Cobb is well known for his transdisciplinary approach, integrating insights from many different areas of study and bringing different specialized disciplines into fruitful communication. Because of his broad-minded interest and approach, Cobb has been influential in a wide range of disciplines, including theology, ecology, economics, biology, and social ethics.A unifying theme of Cobb's work is his emphasis on ecological interdependence—the idea that every part of the ecosystem is reliant on all the other parts. Cobb has argued that humanity's most urgent task is to preserve the world on which it lives and depends, an idea which his primary influence, Whitehead, described as "world-loyalty".

In 1971, he wrote the first single-author book in environmental ethics, Is It Too Late? A Theology of Ecology, which argued for the relevance of religious thought in approaching the ecological crisis. In 1989, he co-authored the book For the Common Good: Redirecting the Economy Toward Community, Environment, and a Sustainable Future, which critiqued current global economic practice and advocated for a sustainable, ecology-based economics. He has written extensively on religious pluralism and interfaith dialogue, particularly between Buddhism and Christianity, as well as the need to reconcile religion and science.

Cobb is the co-founder and current co-director of the Center for Process Studies in Claremont, California. The Center for Process Studies remains the leading Whitehead-related institute, and has witnessed the launch of more than thirty related centers at academic institutions throughout the world, including twenty-three centers in China.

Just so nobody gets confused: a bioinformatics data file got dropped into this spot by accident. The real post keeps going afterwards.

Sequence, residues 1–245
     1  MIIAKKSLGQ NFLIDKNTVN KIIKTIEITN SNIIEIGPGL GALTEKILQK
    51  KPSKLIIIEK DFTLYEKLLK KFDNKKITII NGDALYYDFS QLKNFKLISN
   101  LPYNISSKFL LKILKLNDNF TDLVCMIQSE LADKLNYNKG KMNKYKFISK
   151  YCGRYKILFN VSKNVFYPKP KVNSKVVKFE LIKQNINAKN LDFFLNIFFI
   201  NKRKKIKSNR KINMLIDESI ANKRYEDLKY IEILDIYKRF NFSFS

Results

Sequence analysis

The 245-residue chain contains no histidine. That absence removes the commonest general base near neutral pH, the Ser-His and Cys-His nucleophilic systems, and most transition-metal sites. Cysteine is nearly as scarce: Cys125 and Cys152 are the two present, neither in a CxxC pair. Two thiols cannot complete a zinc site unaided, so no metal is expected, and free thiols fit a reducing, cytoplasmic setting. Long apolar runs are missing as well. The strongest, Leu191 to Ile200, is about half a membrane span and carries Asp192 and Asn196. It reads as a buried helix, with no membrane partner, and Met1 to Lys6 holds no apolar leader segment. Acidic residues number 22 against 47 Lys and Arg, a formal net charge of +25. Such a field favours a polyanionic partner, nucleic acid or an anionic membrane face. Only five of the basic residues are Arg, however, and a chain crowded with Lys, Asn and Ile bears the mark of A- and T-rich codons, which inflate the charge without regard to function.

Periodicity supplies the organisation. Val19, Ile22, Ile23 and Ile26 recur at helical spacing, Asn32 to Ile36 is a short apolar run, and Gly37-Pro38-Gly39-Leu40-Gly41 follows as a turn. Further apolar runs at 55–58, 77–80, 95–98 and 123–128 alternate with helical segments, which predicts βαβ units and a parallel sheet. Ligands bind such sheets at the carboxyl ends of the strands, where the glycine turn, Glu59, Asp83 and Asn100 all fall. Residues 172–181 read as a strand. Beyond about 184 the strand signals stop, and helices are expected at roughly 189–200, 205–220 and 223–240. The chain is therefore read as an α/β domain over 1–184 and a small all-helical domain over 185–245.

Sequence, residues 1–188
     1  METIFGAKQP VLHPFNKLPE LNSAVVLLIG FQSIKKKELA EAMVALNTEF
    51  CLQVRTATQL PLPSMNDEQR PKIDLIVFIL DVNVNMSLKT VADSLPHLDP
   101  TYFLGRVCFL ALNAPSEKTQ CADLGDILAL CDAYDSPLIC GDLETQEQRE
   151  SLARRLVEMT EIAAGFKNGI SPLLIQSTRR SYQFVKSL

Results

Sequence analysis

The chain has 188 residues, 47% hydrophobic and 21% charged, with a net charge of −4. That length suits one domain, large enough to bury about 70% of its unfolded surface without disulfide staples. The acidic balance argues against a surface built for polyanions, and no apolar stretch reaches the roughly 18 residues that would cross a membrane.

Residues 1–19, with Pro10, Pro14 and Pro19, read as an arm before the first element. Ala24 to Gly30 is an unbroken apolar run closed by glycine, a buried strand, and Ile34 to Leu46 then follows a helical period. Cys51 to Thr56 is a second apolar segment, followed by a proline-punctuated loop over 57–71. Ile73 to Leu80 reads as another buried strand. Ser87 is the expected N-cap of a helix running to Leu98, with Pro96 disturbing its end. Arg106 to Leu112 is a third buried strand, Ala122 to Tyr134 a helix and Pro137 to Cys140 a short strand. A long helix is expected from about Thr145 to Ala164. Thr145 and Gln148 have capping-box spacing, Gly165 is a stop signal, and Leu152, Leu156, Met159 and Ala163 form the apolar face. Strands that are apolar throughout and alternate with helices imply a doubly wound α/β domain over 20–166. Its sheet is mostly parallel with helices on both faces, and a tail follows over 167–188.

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Claremont Institute for Process Studies
https://claremontprocess.org/

Our Mission

The Claremont Institute for Process Studies promotes a process-relational worldview to advance wisdom, harmony, and the common good, and cultivates local initiatives to bring about an ecological civilization. These aims will be accomplished by fostering creative transformation through educational development, community collaboration, sustainable practices, and spiritual integration.

Our History

The Claremont Institute for Process Studies was established in 2019 as a non-profit corporation in the State of California, for the purpose of continuing the mission and legacy of the Center for Process Studies (CPS)–a Faculty Center of Claremont School of Theology (CST), established by John Cobb and David Griffin in 1973)–anticipating the relocation of CST and CPS beginning Summer 2019. The Claremont Institute for Process Studies (CIPS) is part of a family or process-relational organizations affiliated with the Center for Process Studies and the International Process Network.

Our Programs

The Claremont Institute for Process Studies works primarily with local SoCal partners to organize events, courses, and publications across a wide-range of issues, including...

  • Spirituality & Religion
  • Ecological Civilization
  • Education & Learning
  • Philosophy & Worldviews
  • Natural Sciences

Board of Directors

  • John B. Cobb, Jr.
  • John Fahey
  • Meijun Fan
  • John Gingrich - Chair
  • Ronald Hines
  • Michael Witmer